If we could append the extra constraints to represent the convex hulls then we could solve these examples as LPs producing the vertex solutions at F and F, respectively. In general (when there is no visualisable geometrical representation), the creation of constraints representing convex hulls is very difficult. We have given different IP formulations involving the 0–1 variables. These have different convex hulls (in these higher dimensional spaces). It is sometimes possible to project their


3 Modelling in Logic for Integer Programming

y A








Fig. 3.9 The convex hull for Example 3.5

LP relaxations down (using the method described in Sect. 2.1) into the spaces of the original problems to give approximations to the convex hulls.

However, there is another, powerful, method of reformulating a disjunctive programme to give its convex hull representation by introducing (possibly a very large number of) new variables.

3.4.1 Splitting Variables

Example 2.10 demonstrates that ‘disaggregating’ constraints can improve the tightness of the LP relaxation. This can be taken further if we first split variables, in the original space of a disjunctive programme, into components. We demonstrate this by using Example 3.5 to produce what has become known as a ‘disjunctive’ formulation (although all the formulations involving ‘ ’ are, in a sense, disjunctive).

Example 3.10 Formulate Example 3.5 as a MIP by splitting the variables into components for each clause in the disjunction to produce a ‘disjunctive’ formulation.

3.4 Convexification of an IP Model


Each of the variables x and y is split into a component for each of the three (conjunctive) clauses in (3.32) by the constraints


+ x2

+ x3

= x



+ y2

+ y3

= y


Three 0–1 variables are used to apply the clauses of the disjunction in the following way:

2x1 y1 3δ1


x1 + y1 2δ1



x1 0







+ 2y2




+ y2 2δ2


6x3 3y3 0


3x3 + 3y3 δ3



+ 3y3



δ1 + δ2 + δ3 = 1


By virtue of (3.106) exactly one of δ1, δ2, δ3 will take the value 1, the others taking the value 0. Hence one of the clauses will hold for the corresponding component variables. For the other clauses the right-hand sides of the constraints (in the corresponding component variables) will become 0.

Suppose, for example, δ1 = 0, δ2 = 1, δ3 = 0 then the first of the extreme ray constraints in each clause are

2x1 y1











Adding these constraints together (in suitable multiples), and using (3.95) and (3.96) gives

4x 2y 4


i.e. the first extreme ray constraint in the second clause, in the space of the original variables.

Similarly, adding together the second extreme ray constraints in each clause gives

2x + 2y 2



3 Modelling in Logic for Integer Programming

i.e. the second extreme ray constraint in the second clause, in the space of the original variables.

Since the extreme ray constraints corresponding to δ1 = 0 and δ3 = 0 go through the origin they form a cone in the space of the appropriate component variables. The non-extreme ray constraints, in the components corresponding to these clauses, also go through the origin. They are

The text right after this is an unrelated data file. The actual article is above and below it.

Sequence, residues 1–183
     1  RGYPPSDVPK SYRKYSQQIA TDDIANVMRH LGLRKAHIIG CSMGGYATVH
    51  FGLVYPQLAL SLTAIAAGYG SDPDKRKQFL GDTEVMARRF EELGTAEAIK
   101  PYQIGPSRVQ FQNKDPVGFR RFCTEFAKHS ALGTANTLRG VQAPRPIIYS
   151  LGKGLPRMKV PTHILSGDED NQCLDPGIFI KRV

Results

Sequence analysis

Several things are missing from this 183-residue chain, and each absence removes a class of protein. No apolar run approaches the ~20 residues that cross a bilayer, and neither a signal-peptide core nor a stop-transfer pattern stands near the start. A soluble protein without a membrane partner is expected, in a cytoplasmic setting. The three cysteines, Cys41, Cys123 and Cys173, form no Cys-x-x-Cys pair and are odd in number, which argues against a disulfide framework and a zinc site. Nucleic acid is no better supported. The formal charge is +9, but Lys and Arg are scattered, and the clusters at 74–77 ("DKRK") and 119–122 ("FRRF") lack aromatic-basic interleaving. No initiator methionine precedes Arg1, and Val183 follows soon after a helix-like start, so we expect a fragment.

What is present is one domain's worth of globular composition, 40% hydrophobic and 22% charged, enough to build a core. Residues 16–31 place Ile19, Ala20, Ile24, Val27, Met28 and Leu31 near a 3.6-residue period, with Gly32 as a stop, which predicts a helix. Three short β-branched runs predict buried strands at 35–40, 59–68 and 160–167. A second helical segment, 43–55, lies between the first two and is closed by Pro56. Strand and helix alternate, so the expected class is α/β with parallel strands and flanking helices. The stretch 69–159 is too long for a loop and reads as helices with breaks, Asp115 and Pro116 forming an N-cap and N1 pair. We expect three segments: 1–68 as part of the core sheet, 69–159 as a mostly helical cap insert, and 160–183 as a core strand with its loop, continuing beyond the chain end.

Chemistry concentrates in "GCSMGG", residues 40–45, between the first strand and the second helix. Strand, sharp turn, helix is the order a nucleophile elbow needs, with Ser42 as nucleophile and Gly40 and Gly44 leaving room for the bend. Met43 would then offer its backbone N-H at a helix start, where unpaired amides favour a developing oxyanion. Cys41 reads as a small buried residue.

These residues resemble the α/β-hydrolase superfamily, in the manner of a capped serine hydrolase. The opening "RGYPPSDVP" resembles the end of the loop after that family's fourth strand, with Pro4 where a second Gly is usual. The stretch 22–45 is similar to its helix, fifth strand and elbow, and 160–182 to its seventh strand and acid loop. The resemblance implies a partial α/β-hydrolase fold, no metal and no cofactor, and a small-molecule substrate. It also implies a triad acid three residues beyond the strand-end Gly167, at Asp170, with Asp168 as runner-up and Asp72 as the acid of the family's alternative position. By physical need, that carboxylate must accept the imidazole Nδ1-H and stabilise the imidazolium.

x1 0



+ y2 0



+ 3y3 0


We illustrate the situation, for the third clause, in Fig. 3.10.



Fig. 3.10 Representation of third clause in split variables

This implies that the component variables in the clauses for which δi = 0 are 0 when these constraints are satisfied as equalities. Therefore, as a result of (3.95) and (3.96), the appropriate constraints apply for the relevant clause in the space of the original variables. For this example we would have

x + y 2


3.4 Convexification of an IP Model


The constraints of (3.34)–(3.41) are therefore relaxations of (3.97)–(3.106). Hence our new (disjunctive) formulation is at least as tight as the DNF formulation. Solving the LP relaxation of this new formulation gives the integer solution (3.43) showing it to be sharp.

If all the component polyhedra of a disjunction are closed then all except one of the polyhedra, in the component variables, reduce to the point at the origin, when the corresponding δi variables are 0. Therefore the clause corresponding to δi = 1 applies in the space of the original (non-split) variables.

Although this type of formulation introduces many new variables (a component for each variable in each clause, whether or not the clause contained the variable in the first place), in practice many of them can often be shown to be redundant leading to a vast reduction in the size of the model. Such reductions depend on the individual type of model and are difficult to generalise.

A ‘disjunctive’ formulation is always sharp (it models the convex hull). We now show why this is the case. In order to do this we consider the dual of the LP relaxation of the model in Example 3.10.

Example 3.11 Create the dual of the LP relaxation of the model created in Example 3.10, together with objective (3.31) (written in the component variables).

Representing the dual variables on constraints (3.97)–(3.106)

as u1, u2, u3,

v1, v2, v3, w1, w2, w3, z we obtain the model






subject to


z ≤ −3u1 + 2u2


z 4v1 2v2 + 2v3


z w2 + 3w3


2u1 u2 + u3 1


u1 + u2 3


4v1 2v2 + v3 1


2v1 + 2v2 + v3 3


6w1 3w2 + 2w3 1


3w1 + 3w2 + 3w3 3


u1, u2, u3, v1, v2, v3, w1, w2, w3 0


u1, u2, u3, v1, v2, v3, w1, w2, w3 R

Using the notation introduced in Sect. 3.3 we can write the above model as follows: